Andrew Cuomo currently serves as the Governor of New York, where he has led the state since 2011.  As Governor, Cuomo has had a huge impact on the judiciary, particularly on the New York Court of Appeals (despite its name, the highest court in the state).  Cuomo has named the seven judges currently serving on the court, as well as Judge Sheila Abdus-Salam, who served on the court until her untimely death in 2017.  Cuomo’s selections have been fairly diverse, with four of the eight being women, and four being judges of color.  Cuomo also appointed the first openly LGBTQ judge on the court, Judge Paul Feinman.  In fact, only one of Cuomo’s eight appointments has been a straight white male: Judge Eugene Fahey.

However, on the political front, Cuomo has undoubtedly been cautious.  Despite representing one of the most liberal states in the country, Cuomo has largely chosen moderate judges with relatively noncontroversial records, including selecting one Republican, Judge Michael Garcia.  On the flip side, Cuomo declined to reappoint Judge Victoria Graffeo, a Republican appointed by Gov. George Pataki, despite the Judge’s relatively mainstream jurisprudence and bipartisan support.  Furthermore, Cuomo’s appointees are relatively old, especially given New York’s mandatory judicial retirement at the age of 70.  The average age of a Cuomo appointee has been 57 at the time of appointment (compared to approximately 50 among Trump appointees).  Based on these appointments, look for a President Cuomo to prize diversity and experience over appointing young liberals.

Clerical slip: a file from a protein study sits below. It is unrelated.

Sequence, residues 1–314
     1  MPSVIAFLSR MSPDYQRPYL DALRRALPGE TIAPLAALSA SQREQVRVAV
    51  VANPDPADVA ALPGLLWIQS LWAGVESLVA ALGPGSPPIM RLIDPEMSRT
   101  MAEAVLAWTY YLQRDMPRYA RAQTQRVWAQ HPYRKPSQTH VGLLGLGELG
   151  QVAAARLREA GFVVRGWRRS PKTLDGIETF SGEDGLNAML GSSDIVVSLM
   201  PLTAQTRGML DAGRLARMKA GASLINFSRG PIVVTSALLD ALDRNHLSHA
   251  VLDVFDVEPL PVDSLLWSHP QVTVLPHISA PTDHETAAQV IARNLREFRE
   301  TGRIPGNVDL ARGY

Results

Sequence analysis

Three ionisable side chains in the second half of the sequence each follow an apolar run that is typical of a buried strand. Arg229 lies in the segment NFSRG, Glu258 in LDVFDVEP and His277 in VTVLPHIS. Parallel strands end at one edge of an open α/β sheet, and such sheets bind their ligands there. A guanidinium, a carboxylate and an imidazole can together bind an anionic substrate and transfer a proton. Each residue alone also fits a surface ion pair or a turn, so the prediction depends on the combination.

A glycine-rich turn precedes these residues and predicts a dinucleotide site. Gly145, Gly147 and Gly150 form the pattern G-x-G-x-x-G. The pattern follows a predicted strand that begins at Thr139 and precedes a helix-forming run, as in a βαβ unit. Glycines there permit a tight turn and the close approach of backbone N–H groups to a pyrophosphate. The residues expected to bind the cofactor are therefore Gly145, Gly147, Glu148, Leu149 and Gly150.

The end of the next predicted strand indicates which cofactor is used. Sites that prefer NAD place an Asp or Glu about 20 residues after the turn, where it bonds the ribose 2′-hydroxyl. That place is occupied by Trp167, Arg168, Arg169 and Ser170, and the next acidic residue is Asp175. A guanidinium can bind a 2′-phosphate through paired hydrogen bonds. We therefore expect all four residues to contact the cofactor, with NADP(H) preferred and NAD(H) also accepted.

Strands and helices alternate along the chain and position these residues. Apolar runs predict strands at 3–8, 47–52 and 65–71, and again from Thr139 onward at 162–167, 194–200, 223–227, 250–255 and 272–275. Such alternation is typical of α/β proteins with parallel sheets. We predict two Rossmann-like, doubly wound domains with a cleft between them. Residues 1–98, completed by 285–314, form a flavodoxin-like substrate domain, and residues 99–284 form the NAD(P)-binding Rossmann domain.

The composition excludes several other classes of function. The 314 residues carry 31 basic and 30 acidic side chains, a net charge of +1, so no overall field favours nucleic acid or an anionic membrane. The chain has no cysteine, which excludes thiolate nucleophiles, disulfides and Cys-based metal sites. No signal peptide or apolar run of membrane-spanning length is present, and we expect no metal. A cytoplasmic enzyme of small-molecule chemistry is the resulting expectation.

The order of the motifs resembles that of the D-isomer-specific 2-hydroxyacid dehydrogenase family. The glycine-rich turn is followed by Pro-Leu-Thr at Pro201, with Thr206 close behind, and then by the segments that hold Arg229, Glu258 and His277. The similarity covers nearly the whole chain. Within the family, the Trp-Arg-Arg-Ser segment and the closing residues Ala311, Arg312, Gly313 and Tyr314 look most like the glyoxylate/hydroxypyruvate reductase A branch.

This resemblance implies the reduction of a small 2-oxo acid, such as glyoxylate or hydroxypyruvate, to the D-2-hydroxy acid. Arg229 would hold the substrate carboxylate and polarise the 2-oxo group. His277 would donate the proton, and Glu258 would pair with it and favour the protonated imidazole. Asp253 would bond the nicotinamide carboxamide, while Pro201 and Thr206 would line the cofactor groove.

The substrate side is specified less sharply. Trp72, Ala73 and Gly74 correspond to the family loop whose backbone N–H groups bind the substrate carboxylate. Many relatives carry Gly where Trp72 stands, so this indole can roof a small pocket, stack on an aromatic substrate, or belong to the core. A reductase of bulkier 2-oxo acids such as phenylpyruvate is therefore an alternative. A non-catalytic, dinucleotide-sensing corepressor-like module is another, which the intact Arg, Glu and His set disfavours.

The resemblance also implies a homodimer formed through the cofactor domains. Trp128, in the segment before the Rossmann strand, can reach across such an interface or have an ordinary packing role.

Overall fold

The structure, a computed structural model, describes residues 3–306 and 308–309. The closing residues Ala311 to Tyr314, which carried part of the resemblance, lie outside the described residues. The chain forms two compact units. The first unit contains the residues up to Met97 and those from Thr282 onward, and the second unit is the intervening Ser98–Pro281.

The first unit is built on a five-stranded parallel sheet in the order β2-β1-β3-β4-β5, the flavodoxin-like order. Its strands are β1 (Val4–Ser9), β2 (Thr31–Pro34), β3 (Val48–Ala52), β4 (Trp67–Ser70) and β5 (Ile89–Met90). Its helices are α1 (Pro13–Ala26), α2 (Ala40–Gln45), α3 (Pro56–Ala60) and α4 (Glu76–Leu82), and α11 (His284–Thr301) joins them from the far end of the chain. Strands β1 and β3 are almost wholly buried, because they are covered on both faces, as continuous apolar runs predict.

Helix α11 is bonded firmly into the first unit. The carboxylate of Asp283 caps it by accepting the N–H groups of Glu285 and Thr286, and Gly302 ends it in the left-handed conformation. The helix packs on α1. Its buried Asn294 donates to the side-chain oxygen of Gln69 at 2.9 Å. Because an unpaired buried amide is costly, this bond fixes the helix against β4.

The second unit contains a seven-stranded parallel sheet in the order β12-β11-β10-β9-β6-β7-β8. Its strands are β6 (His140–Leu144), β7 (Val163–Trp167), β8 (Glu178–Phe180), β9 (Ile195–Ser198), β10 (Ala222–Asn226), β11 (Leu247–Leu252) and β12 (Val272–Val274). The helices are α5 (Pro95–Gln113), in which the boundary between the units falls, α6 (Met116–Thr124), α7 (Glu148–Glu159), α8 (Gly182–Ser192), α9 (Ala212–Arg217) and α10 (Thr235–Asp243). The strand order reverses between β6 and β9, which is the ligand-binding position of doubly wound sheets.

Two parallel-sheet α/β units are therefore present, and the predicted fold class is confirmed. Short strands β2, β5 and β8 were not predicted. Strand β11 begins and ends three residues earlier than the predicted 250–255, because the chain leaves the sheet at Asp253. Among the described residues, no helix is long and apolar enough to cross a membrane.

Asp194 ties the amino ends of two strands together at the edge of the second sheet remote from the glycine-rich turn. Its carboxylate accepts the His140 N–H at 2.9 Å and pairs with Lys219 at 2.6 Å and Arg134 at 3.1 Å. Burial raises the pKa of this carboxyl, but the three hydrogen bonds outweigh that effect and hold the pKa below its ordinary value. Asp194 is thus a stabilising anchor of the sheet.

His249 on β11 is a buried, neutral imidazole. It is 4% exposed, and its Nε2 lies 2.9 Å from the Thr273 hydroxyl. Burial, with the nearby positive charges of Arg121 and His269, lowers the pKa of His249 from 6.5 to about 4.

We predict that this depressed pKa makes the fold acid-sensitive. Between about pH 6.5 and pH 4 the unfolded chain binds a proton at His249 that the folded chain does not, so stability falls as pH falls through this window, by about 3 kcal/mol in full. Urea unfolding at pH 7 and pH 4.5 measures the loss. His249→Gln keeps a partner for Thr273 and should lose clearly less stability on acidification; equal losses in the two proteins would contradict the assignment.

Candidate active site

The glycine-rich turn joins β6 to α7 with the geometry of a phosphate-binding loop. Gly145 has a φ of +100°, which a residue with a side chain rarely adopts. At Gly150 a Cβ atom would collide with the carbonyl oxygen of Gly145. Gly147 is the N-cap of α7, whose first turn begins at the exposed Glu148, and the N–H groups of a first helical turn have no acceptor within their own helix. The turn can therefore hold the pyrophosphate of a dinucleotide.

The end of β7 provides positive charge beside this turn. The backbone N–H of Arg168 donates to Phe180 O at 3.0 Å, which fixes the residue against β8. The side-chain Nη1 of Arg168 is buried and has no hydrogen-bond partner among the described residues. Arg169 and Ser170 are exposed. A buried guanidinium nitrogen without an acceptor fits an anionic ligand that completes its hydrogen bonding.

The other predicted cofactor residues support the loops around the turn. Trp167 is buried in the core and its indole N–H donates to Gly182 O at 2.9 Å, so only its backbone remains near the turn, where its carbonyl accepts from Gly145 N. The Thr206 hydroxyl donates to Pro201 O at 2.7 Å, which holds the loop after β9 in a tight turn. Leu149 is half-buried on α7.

John Hickenlooper

John Hickenlooper served as Governor of Colorado from 2011 to 2019.  The Colorado Governorship is particularly powerful when it comes to judicial appointments, as such appointments do not need to be confirmed by a legislative body (although recommendations do come from a judicial nominating commission).

As far as his appointments go, Hickenlooper’s record is mixed at best.  Hickenlooper has tapped five justices to the Colorado Supreme Court, having had an outsized impact on the court.  However, those appointments have not cemented a progressive majority on the court, largely because Hickenlooper has forfeited opportunities and named conservative candidates.  In his very first appointment to the Colorado Supreme Court, Hickenlooper appointed a Republican, Brian Boatwright, sidestepping two more liberal candidates, to replace the left-leaning Justice Alex Martinez.  Similarly, Hickenlooper’s last appointment to the court replaced the center-left Chief Justice Nancy Rice with Justice Carlos Samour, again choosing a former registered Republican over two more liberal candidates.  Interestingly, in making the selection, Hickenlooper felt the need to address criticism that Samour was “too conservative,” noting:

“[Samour is] a judge committed 100 percent to fairness and fidelity of the law.”

On the flip side, Hickenlooper had the opportunity to replace the strongly conservative Justice Allison Eid (tapped by Trump to the federal bench), and chose law professor Melissa Hart, considered the youngest and most liberal of the three candidates presented to him.  Nevertheless, looking at his record overall, Hickenlooper seems unmotivated by the ideology of his appointments.